by Harold Goodwin – Responsible Tourism Partnership
Last week I was in Finland, Helsinki, Jyväskylä and Base Camp near the Russian border, from the city to wilderness in four days. In Helsinki, we met with the city to discuss the challenge of sustainability. They have wisely separated the managing tourism function from marketing. More and more destinations are realising that mixing marketing and management in a DMO is fraught with difficulty. All tourism is managed by the local authority or national park; roads, litter, toilets, congestion, all have to be managed, and the DMOs are not good at that.
Then on to JAMK at Jyväskylä where I contribute to an international summer school programme on Responsible Tourism with students for India, Korea, Egypt and Finland. The focus of the student’s work is on tourism development on and around Lake Päijänne which stretches from Lahti in the south over 100 km to Jyväskylä in the north, a city which has grown from 8,000 inhabitants in 1940 to more than 130,000. There is also time to meet with local tourism entrepreneurs and discuss how the city can best develop tourism in its rural hinterland.
Harmooni, part of the Arts & Crafts Restaurants Oy chain, brings local fish and game to the table with a menu that changes each month to include the best fresh stock from local vendors. Supper with the owner to talk about how they might extend their tourism offer by linking with the rural communities and food producers.
After class on Thursday Keijo Salenius of Basecamp Oulanka drove me north close to the Russian border and Oulanka National Park which has over 400 threatened species of flora and fauna. Live webcam Siberian taiga, boreal or snow forest, reaches the European Union here in northern Finland. Basecamp Oulanka, on a lakeside opposite Juuma, provides a luxurious camp, a wilderness hotel, base for access into Oulanka for walking, trekking, white water rafting, canoeing, Nordic walking, skiing, fatbikes, snowshoeing and climbing. I whitewater rafted on the River Kitka to the Russian border where Basecamp has a satellite smoke sauna camp within sight of Russia.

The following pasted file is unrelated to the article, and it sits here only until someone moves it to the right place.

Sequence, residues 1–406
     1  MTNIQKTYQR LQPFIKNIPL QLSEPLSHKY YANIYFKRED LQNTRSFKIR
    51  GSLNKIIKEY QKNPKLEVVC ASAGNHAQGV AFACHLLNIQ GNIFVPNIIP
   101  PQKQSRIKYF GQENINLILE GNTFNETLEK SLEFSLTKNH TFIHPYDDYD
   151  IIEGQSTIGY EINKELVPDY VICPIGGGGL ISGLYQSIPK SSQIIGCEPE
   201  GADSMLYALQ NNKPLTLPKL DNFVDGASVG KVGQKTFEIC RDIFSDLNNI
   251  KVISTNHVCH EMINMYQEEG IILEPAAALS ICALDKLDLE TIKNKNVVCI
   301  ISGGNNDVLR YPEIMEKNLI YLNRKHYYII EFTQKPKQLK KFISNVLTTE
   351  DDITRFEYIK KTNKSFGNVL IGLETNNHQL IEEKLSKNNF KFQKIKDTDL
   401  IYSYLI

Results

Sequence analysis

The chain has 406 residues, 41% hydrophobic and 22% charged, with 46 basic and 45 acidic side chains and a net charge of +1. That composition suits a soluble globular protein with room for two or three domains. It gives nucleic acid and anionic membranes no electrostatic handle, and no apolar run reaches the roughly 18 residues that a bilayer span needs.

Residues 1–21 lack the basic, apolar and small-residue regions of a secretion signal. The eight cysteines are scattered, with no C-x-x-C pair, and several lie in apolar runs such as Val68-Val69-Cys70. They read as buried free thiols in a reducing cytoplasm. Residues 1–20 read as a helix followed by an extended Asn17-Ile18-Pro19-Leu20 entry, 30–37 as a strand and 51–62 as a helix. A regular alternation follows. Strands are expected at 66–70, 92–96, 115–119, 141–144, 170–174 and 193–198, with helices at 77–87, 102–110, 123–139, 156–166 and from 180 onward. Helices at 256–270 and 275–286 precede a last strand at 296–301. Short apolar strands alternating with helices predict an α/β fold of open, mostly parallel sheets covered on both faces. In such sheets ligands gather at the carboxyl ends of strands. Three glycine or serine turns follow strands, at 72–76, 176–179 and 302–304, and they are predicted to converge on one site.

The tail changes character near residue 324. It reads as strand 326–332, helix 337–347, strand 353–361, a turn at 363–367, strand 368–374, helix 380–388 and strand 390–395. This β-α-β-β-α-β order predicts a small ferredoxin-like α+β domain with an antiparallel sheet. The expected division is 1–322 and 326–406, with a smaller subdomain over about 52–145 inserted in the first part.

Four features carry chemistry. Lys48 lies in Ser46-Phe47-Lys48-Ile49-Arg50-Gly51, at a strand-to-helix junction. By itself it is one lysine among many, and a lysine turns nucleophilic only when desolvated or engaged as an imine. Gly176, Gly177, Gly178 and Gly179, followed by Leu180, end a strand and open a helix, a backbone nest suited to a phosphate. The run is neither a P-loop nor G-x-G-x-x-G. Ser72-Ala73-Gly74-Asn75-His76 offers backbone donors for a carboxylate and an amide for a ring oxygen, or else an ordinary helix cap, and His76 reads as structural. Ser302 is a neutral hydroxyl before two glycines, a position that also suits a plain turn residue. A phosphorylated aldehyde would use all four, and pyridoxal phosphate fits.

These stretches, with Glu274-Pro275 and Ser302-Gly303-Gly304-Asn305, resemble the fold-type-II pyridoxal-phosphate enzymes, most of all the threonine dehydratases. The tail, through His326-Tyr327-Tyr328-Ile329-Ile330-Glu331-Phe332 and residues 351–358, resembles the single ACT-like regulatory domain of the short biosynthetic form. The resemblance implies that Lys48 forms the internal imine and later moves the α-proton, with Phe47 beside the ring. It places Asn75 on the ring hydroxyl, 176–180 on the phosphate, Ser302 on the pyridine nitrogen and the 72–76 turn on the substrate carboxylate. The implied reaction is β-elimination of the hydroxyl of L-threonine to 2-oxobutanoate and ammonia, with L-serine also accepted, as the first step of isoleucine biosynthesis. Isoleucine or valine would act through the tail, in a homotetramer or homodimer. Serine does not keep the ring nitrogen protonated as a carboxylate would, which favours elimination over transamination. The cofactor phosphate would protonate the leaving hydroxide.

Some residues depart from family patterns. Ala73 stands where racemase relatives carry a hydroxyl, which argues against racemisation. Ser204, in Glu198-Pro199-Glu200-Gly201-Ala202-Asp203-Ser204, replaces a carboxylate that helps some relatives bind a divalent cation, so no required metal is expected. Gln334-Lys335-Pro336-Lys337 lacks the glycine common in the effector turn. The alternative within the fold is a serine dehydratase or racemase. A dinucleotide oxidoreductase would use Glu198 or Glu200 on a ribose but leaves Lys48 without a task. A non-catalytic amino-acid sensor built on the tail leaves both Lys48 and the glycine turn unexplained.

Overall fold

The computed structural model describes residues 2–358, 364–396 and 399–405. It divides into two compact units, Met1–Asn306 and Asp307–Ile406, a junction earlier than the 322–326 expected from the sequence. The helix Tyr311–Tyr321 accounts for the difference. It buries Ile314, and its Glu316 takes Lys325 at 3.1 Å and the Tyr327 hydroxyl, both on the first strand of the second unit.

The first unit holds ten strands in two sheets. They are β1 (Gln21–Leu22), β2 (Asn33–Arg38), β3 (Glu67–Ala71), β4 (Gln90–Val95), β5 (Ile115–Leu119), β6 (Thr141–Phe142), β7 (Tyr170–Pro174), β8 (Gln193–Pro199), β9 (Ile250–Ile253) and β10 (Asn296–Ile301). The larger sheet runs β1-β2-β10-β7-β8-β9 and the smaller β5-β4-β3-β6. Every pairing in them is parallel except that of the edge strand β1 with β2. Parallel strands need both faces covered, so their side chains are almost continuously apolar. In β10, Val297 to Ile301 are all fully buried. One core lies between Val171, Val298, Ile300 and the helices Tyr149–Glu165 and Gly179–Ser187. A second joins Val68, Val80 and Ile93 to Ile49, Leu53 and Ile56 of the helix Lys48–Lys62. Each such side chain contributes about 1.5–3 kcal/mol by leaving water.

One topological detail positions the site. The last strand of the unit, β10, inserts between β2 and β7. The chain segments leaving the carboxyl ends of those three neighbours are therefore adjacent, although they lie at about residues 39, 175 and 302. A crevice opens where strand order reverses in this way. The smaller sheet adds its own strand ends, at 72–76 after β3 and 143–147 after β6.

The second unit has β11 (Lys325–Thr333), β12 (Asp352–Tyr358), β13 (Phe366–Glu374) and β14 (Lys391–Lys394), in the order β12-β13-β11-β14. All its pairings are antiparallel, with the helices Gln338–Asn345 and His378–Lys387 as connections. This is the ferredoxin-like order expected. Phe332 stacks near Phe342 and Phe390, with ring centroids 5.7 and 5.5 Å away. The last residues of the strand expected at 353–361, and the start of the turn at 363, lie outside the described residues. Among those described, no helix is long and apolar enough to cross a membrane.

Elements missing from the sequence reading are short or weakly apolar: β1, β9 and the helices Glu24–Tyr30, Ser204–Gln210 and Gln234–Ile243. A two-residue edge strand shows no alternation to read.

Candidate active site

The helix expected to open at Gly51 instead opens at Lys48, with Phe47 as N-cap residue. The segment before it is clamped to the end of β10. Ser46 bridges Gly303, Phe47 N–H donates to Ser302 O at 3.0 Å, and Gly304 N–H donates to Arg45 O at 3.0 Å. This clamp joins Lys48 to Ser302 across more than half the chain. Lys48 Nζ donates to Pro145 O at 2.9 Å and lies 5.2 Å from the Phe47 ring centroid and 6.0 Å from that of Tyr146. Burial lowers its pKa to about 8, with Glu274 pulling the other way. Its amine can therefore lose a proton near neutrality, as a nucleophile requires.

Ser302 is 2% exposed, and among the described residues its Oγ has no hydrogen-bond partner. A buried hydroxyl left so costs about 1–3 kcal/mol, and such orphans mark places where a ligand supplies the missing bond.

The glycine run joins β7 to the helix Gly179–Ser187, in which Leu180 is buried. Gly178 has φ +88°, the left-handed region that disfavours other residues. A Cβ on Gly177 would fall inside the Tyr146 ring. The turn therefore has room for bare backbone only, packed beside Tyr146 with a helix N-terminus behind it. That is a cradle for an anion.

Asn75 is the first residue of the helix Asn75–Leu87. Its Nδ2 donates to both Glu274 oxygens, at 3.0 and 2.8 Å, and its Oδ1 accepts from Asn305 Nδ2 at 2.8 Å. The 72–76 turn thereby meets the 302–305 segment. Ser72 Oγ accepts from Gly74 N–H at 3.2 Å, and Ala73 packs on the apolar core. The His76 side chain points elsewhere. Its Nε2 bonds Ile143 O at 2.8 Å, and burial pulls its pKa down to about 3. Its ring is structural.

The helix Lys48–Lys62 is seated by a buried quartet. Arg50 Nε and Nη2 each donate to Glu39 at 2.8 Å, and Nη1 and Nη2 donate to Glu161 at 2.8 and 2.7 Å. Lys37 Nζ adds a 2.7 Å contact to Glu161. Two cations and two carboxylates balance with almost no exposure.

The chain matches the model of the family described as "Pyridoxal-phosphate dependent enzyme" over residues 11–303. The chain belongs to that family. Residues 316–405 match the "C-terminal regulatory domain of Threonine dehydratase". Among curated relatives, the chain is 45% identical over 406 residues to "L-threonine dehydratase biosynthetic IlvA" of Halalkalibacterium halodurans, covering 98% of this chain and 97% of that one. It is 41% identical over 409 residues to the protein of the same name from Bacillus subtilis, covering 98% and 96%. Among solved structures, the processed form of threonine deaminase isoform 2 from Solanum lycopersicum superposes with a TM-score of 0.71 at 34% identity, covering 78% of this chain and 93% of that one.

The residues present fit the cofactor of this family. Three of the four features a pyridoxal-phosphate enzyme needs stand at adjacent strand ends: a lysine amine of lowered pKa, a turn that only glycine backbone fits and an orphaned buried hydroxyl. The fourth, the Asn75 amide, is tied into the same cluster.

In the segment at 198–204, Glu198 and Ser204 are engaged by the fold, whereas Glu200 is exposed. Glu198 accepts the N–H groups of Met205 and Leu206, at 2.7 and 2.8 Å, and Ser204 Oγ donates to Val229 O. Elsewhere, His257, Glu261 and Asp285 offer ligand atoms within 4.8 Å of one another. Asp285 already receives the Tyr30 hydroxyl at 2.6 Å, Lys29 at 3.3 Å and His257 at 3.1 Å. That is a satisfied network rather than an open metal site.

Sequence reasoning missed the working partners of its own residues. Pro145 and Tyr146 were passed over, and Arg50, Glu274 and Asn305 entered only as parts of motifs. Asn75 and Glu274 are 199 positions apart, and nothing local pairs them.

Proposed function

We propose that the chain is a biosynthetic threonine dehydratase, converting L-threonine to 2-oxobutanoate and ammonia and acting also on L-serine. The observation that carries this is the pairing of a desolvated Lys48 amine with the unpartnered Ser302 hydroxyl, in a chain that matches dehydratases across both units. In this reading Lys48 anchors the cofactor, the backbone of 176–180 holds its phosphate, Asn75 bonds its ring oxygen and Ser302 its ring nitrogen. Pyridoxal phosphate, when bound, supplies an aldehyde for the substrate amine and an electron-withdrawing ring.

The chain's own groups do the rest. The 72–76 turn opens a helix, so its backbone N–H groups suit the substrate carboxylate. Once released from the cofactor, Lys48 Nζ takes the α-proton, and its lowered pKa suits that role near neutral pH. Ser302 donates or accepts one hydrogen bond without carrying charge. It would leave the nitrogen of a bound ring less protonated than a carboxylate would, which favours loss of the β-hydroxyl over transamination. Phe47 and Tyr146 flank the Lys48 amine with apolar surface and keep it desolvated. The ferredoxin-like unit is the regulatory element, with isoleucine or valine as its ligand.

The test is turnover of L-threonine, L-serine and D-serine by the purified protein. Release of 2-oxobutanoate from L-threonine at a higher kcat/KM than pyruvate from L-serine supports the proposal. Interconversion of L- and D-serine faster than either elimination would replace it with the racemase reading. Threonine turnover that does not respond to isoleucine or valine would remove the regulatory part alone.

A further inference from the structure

Outdoor activities are a core part of the offer, but Basecamp was created as an alternative to the highly mechanised ‘urban’ ski centre at Kuusamo with its snowmobiles and skiing infrastructure. Basecamp’s rive groups stop off to fell a tree, as volunteers they contribute to restoring a meadow habitat beside the river.
I was not attracted by the rafting – I was motivated by the desire to see bears in the wild. I saw 5 different bears at the same time from a comfortable hide – next time I would stay the night. Wolves, Elk, Reindeer (come of them white), Wolverine, Otters and Bears can all be seen with expert guides in the different seasons. This is an accessible wilderness. The corridor and protected area are most important to birds like the golden eagle, black grouse, capercaillies and owls. There is a bird list below.
Siberian flora and fauna come from the east along the River Oulanka, which runs to the White Sea via Lake Paanajärvi and Lake Pääjärvi through Russian forests. The microclimate is very strong with dry, warm summers and dry, cold winters. Paanajärvi National Park is very wild with a mere 5000 visitors annually, who mostly stay on the eastern side. The border is isolated on the Russian side with a 5km unauthorised approach zone.
Source: Google maps
In 2009 Basecamp Oulanka was included in the 4 best places in the world to see the Northern Lights Aurora Borealis: Being so close to Russian wilderness with a microclimate so cold and dry, there are very seldom clouds and no light pollution.
The WILD OULANKA FOUNDATION